My recent shoot with Pulitzer Prize-winning writer Mitchell S. Jackson turned out great but was not without problems. Join me for a detailed look at how it all went down.
I have photographed Mitch many times in the past and long before he was awarded a Pulitzer Prize for feature writing for his essay in Runner’s World about the life and death of Ahmaud Arbery. When Mitch first contacted me for this photoshoot, I asked him to send a mood board consisting of images that are similar to the ones he would like to create on our shoot. I knew he would not be able to post an actual gallery of images since it is unlikely he would have the necessary hardware for doing that, but I did him to email me some photographs that would represent his vision for the shoot. I have photographed Mitch several times, and my photographic goals have been different for each shoot. Once, we traveled to his hometown of Portland, OR to get documentary-style images for a film he directed. I have been to his home where I have photographed his writing process. For this shoot, Mitch wanted images for his branding. Mitch is very into fashion, and the images would need to reflect that.
I booked a studio in lower Manhattan that I have used many times in the past. The location is only good for photos on a cyc (white backdrop). When I finally received the sample images, it was only a day or two before the shoot. Many of these images incorporated textured walls, chairs, and couches. I knew the studio I booked would not work for these shots, so I canceled the Manhattan studio and used Peerspace to find a more suitable location in Brooklyn. I mention this as an example of how things don’t always go smoothly on every shoot for me, and you shouldn’t expect them to go perfectly for you either. Obviously, the better communication you have with your client, the more likely it is that you will reduce these problems.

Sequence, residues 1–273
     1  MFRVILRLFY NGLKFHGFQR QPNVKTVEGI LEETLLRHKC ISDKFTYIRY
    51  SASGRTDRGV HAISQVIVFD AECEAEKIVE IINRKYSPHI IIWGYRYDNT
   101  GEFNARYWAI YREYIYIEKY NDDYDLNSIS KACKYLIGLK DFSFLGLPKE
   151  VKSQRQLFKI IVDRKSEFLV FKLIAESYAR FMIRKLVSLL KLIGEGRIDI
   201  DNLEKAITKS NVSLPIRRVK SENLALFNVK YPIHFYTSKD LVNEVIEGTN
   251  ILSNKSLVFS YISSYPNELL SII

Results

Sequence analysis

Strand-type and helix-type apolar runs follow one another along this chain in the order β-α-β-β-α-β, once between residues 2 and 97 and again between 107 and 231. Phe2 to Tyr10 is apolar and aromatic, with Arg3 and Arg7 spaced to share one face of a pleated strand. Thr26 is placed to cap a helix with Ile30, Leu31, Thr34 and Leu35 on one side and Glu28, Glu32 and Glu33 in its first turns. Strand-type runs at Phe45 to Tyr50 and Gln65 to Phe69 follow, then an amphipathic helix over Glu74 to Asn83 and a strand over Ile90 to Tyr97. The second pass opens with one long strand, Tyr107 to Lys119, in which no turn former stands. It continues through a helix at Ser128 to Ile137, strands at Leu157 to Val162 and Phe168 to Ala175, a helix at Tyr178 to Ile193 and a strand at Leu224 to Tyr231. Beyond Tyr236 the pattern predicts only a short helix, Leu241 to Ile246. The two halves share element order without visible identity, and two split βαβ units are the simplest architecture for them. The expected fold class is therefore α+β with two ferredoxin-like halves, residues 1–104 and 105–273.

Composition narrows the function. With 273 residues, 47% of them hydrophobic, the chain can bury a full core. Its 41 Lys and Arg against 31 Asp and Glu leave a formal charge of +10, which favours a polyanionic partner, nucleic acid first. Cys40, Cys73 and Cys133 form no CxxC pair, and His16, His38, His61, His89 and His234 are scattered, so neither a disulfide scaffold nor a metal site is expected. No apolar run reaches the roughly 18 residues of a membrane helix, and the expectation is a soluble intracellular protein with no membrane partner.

My first setup in the studio was on white seamless paper. For me, these images are crucial because they allow the viewer to focus on the subject. They also give a clear view of the subject’s styling and features. These images are also useful for any media outlet that needs an image that conveys who this person is. These images might be used on a digital flyer promoting Mitch’s appearance on a podcast, and the photograph would be placed alongside text and other images, so this image must be uncluttered. I had brought my ancient Elinchrom Octabank (now known as the Elinchrom Indirect Litemotiv Octa Softbox 75”), but the space was equipped with a Profoto RFi Octa Softbox. Since the light quality from this modifier was close enough to that of my modifier, I felt it easier to just utilize the Profoto Softbox as Mitch’s only light source. I used two additional Profoto heads bounced into umbrellas that were aimed at the white seamless to avoid dramatic shadows behind Mitch. Since this wasn’t an actual fashion shoot or catalog shoot, I was ok with the background not being 100% white since I could adjust it in post for the handful of images that we might use from this setup.